By Aliki Kraterou and Federico Cornetto
A teenager who is UK’s top one armed rock climber said he won’t let his disability hold him back from tackling even the trickiest of mountains.
Matthew Philips, 18, was born missing with his right arm missing below the elbow but that hasn’t stopped him in competing in climbing at a national and international level and winning gold and silver medals.
Matthew – who started climbing just four years ago – is one of the youngest members of the GB Paraclimbing Team and is determined to compete in a future Paralympics.
Matthew has a very special, dynamic style, jumping from hold to hold.
There is no medical reason for his limb difference but Matthew says he has never felt limited.
The teenager, from Guilford, Surrey, said: “I have always been pretty sporty – I guess I was always just trying to find my sport, and I managed to find it.
“When I was younger, I always liked climbing on trees or up walls so it makes sense now.
“I think what I like the most about climbing, is the challenge, being able to do this.
“It makes me feel like I can do anything and I’m glad I didn’t let it go.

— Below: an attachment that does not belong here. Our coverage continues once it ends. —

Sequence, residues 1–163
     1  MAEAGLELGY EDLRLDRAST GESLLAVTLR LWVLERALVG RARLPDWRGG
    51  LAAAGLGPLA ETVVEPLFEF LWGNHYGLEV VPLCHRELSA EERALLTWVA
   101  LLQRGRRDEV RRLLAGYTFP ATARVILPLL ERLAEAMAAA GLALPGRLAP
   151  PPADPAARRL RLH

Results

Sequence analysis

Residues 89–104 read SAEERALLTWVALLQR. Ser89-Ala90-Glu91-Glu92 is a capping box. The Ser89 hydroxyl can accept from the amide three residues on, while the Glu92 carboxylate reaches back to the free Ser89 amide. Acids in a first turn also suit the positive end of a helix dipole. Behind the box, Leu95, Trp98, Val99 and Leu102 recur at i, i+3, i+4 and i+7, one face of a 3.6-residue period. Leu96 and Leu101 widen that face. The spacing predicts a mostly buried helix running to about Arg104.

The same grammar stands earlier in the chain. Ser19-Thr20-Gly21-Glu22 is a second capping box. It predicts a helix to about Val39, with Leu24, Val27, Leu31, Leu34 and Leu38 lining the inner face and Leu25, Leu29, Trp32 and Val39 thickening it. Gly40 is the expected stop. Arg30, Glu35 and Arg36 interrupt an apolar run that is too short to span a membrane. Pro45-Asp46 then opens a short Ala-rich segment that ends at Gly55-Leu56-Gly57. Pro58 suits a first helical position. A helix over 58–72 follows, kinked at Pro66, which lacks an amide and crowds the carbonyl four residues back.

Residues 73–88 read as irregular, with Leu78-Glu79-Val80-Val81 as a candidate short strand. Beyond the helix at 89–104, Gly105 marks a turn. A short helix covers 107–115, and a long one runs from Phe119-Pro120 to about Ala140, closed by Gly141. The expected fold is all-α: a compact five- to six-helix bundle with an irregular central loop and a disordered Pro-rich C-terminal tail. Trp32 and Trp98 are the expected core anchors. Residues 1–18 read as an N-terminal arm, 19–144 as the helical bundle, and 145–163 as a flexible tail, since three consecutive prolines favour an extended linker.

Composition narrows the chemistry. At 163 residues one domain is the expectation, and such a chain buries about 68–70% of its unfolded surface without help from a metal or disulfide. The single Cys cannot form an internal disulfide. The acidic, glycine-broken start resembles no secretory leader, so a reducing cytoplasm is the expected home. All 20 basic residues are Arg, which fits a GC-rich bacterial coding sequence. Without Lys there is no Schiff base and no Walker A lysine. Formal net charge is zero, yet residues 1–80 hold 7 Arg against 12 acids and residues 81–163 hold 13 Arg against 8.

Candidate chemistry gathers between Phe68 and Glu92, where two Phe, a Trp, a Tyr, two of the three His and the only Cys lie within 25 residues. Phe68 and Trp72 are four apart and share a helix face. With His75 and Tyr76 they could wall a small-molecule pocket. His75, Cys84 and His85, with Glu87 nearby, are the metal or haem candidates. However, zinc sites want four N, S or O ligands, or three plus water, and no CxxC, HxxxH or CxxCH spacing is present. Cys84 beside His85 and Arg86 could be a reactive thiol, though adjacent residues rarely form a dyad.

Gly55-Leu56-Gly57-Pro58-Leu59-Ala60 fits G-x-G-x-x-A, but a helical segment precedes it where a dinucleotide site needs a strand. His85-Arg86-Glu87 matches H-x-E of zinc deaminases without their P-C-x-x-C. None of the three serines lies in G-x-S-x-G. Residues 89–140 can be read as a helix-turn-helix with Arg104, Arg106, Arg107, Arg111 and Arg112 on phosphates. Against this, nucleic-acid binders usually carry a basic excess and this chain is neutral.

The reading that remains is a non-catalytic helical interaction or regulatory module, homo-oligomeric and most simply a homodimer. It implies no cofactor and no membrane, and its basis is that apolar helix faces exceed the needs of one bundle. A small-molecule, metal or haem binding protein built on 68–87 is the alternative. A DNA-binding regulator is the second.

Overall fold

“There is also the problem-solving aspect – I have to think outside the box.
“There are always things I can’t do but it’s not about focusing on what you can’t do – the trick is finding the alternative, the next best thing or something similar.
“People are surprised – when they see me they’re usually shocked, they ask me ‘how did you do that?’ and cheer.
“I have never been bullied, while there have been the occasional comments, especially from children, it has never bothered me.”
Matthew, who had been a swimmer since he was nine, only tried climbing as he was looking for a new challenge.
He had never climbed seriously and had only tried the sport at birthday parties until 2014 when his mum suggested he entered two national climbing competitions.
Since then Matthew, who is now a climbing instructor, has smashed numerous paraclimbing competitions, with the most recent being the World Paraclimbing Championships last September, where he came first in his category.
He currently trains four times a week for 2.5 hours a day, and climbing has now even turned into his full time job.
He added: “I had been a swimmer for years but I was bored of that and was on the lookout for something new.
“I did some climbing indoor parties before but they had nothing to do with real climbing.
“I have been a swimmer but I was bored of that and was on the lookout for something new- and I quite liked it.
“I started training with my coach, Robin O’Leary and got good at it.
“My goal is to become a fully professional athlete – at the the World Championship and the Paralympics”.